– Amen.
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Xmas: X-ing Out Christmas and the War On Intelligence

There is no such thing as a “campaign” to X-out Christmas by writing the word as Xmas.
 
If you believe that, stop your complaining immediately and take stock of what it is that you are complaining about, and check your own attitude on “…good will to all humankind.”
That Xmas = Bad idea was around in popular cultrue decades before the conservative faction went radical and started calling everything from Disneyland to wedding cake as a “war on” Christianity. It’s older than all such non-theological, ignorant ideas, and just as dumb. It leaves the impression with those outside this self-blessed inner circle of so-called Christians that the “war” they speak of is actually one against any person and any idea outside their own. In other words, it’s perfectly ok for them to bad-mouth anyone else in the name of their religious beliefs, but if it comes back on them, then it’s a “war” against them and their off-track ideas.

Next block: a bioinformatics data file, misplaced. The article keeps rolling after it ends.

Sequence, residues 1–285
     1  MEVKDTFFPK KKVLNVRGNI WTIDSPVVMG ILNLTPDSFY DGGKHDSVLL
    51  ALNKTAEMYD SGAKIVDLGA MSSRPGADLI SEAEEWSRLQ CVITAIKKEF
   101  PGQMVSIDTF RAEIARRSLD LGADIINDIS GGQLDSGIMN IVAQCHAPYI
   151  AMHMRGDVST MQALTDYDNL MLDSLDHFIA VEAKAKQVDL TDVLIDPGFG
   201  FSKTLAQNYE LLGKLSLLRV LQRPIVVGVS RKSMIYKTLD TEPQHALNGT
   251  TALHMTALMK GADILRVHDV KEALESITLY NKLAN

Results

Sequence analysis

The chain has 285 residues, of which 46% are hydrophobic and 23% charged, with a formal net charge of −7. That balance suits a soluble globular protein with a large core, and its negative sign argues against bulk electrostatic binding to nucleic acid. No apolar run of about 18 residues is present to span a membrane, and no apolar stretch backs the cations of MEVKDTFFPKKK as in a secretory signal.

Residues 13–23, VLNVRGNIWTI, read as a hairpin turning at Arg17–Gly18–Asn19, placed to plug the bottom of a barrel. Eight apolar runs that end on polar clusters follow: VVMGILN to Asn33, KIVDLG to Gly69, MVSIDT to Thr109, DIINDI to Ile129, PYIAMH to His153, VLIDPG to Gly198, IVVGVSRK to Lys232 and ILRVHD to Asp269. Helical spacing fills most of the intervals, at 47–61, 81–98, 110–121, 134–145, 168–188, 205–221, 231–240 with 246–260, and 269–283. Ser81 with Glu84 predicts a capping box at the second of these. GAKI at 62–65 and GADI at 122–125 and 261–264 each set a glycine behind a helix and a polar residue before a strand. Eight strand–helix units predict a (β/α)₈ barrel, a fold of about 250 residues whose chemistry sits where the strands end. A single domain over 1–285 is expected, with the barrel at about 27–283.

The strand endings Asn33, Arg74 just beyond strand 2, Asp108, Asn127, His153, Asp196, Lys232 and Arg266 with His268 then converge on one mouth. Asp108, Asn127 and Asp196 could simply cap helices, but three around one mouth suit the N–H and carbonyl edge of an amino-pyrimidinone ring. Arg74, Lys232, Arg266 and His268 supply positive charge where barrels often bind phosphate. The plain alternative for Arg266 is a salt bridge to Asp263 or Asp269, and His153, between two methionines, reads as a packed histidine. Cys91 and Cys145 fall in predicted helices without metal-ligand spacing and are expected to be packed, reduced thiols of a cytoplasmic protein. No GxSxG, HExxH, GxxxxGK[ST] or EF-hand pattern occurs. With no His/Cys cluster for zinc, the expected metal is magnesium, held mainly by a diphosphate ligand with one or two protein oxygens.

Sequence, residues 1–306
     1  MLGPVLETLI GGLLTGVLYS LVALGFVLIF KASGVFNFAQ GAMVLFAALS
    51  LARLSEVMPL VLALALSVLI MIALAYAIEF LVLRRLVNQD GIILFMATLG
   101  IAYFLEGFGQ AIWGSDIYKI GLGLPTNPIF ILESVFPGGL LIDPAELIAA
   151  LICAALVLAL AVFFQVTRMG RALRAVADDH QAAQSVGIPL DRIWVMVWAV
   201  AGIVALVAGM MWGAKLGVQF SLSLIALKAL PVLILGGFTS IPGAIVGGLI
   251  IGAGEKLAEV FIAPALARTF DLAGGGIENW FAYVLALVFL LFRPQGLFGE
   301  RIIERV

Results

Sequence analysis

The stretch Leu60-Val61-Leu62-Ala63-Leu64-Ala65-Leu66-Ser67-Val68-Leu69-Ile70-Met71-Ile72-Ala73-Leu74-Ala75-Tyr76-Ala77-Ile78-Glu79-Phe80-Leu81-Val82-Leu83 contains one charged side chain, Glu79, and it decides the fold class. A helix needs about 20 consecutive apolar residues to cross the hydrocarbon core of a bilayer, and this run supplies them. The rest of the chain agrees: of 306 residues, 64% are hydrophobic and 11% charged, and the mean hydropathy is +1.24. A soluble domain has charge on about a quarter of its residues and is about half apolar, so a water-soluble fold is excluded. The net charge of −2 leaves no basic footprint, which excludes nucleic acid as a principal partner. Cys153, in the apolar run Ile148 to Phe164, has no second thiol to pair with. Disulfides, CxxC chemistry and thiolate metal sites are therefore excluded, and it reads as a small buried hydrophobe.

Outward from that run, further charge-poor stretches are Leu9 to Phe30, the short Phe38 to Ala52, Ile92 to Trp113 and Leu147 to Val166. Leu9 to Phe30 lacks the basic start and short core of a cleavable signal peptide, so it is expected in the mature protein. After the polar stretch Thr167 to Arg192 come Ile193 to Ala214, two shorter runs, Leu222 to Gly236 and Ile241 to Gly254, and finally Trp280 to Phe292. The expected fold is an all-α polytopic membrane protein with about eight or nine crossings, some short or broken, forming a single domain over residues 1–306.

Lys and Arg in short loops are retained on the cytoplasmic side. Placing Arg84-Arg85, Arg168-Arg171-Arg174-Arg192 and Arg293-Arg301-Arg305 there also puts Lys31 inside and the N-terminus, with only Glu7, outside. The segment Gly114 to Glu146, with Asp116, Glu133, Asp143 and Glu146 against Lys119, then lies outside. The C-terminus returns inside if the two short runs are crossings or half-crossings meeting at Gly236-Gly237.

Xmas is the perfect example of preachers just being flat-out dumb.
 
The fact is that the X in Xmas is an abbreviation that has meant “Christ” for many centuries, going back to the days when Gutenberg printed the first Bible. Looking at the Greek word that was translated as “Christ,” the X is the Greek letter Chi in the word:

ΧΡΙΣΤΩΣ